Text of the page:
So, I finally managed to record the new song I promised here. The video is here:
I figured I might try going a bit into detail, in case anyone’s interested – I’m not sure, why they should be, but who knows 🙂
The title Bananifold is a stupid math joke I like that started here – it was kicked off by the quote
Classification of mathematical problems as linear and nonlinear is like classification of the Universe as bananas and non-bananas
which was followed by
Let a bananifold be an object that locally resembles a banana.
A Manifold is a subset of a vector space, that (more or less) locally resembles a lower-dimensional vector space. A beautiful example is the surface of a sphere: Obviously, a sphere is a three dimensional object, but if you zoom in enough, the surface looks sufficiently two dimensional that we can e.g. draw maps of parts of it. Any map of the whole earth is always inadequate in some way (which is why there are so many different ways to map the whole globe – each trading accuracy in some aspect for inaccuracy in some other one), but if you just look at e.g. a single city, you can draw a map that is sufficiently accurate that it’s difficult (if not impossible) to see, that it’s not actually flat – the curvature doesn’t matter anymore.
This is of course only an analogy – the actual definition is given via homeomorphisms (“maps”) on neighborhoods (“local areas”).
The song kicks off with the chorus, which is in 10/4 and based on the chord progression Cm – Bb – Am – Ab – Gm. Here’s the guitar riff for it:
The verse (in 7/4) is kicked off (and continuously accompanied by) the following clean guitar part. The “melody” notes are emphasized, since those will show up later again:
It starts off in Gm, but as soon as the lead guitar enters, the primary chord is an Ebj7. This is to emphasize the Lydian scale as the primary mode (I love Lydian – it’s a major scale, but it doesn’t sound as trivially happy as the “normal” major scale), shortly switching back to Gm, which basically serves as a subdominant, following an AABA structure:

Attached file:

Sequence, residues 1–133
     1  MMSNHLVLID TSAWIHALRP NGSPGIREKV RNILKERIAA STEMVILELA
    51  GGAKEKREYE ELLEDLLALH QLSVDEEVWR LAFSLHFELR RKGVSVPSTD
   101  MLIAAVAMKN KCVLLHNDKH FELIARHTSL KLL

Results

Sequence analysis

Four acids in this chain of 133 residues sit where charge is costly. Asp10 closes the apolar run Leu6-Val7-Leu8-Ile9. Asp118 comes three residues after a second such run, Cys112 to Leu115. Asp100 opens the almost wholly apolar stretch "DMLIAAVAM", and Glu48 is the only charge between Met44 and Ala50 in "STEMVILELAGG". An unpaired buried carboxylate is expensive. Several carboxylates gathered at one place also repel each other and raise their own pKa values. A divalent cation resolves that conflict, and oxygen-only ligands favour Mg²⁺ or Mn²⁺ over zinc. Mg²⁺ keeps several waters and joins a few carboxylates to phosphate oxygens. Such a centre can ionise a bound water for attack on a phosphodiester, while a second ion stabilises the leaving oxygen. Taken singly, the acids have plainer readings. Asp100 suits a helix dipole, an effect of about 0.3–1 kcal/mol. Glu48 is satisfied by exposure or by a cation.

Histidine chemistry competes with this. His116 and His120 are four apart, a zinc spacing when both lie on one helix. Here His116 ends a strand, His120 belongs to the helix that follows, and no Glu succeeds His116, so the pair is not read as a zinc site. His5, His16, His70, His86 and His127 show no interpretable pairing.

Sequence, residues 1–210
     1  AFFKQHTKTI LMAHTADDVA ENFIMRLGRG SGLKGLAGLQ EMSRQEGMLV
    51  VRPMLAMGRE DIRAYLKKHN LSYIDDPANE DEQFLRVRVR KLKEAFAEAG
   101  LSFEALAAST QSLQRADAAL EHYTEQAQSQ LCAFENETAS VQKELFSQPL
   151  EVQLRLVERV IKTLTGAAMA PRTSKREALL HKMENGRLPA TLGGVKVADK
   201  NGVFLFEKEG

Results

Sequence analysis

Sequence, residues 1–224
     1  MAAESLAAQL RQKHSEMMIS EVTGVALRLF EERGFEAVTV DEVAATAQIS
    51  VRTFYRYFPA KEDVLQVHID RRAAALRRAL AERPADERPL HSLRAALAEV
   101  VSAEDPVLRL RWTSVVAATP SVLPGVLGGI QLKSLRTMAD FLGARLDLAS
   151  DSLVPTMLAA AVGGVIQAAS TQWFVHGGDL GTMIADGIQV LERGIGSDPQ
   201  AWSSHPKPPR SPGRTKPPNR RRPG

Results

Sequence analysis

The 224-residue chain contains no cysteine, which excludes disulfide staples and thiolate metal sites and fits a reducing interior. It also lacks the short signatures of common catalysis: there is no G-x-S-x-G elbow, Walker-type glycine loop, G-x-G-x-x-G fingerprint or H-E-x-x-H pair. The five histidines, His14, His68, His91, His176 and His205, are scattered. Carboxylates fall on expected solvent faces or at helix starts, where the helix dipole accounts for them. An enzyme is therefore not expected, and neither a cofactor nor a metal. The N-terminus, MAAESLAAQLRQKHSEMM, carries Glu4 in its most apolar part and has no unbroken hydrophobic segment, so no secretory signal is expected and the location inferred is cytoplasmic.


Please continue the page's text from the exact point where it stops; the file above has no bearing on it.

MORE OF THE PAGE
The tapping part of the verse is in G major:
The bridge / solo section starts of with the clean guitar playing this:
Note, how the upper notes are the exact same melody as the emphasized notes in the previous clean part, but this time played straight in 4/4. However, the rhythm guitar is playing an 11/8 over it, which runs through the solo section:
I’m generally a big fan of polyrhythms, and this one might be one of my better ones… The chords (Gm – Cm) during the solo change with the 11/8, thus emphasizing the rhythm guitar, whereas the drums and clean guitar stay in 4/4, which still yields a classic rock-feel (with an additional 2/4 after every five bars to resolve properly – ) – it should “fit” well enough not to sound too chaotic, but also doesn’t sound too predictable. I hope that worked out 😉
Those are the most “interesting” (for a lack of a better word) parts of the song. The full tabs can be found here (gp5 format).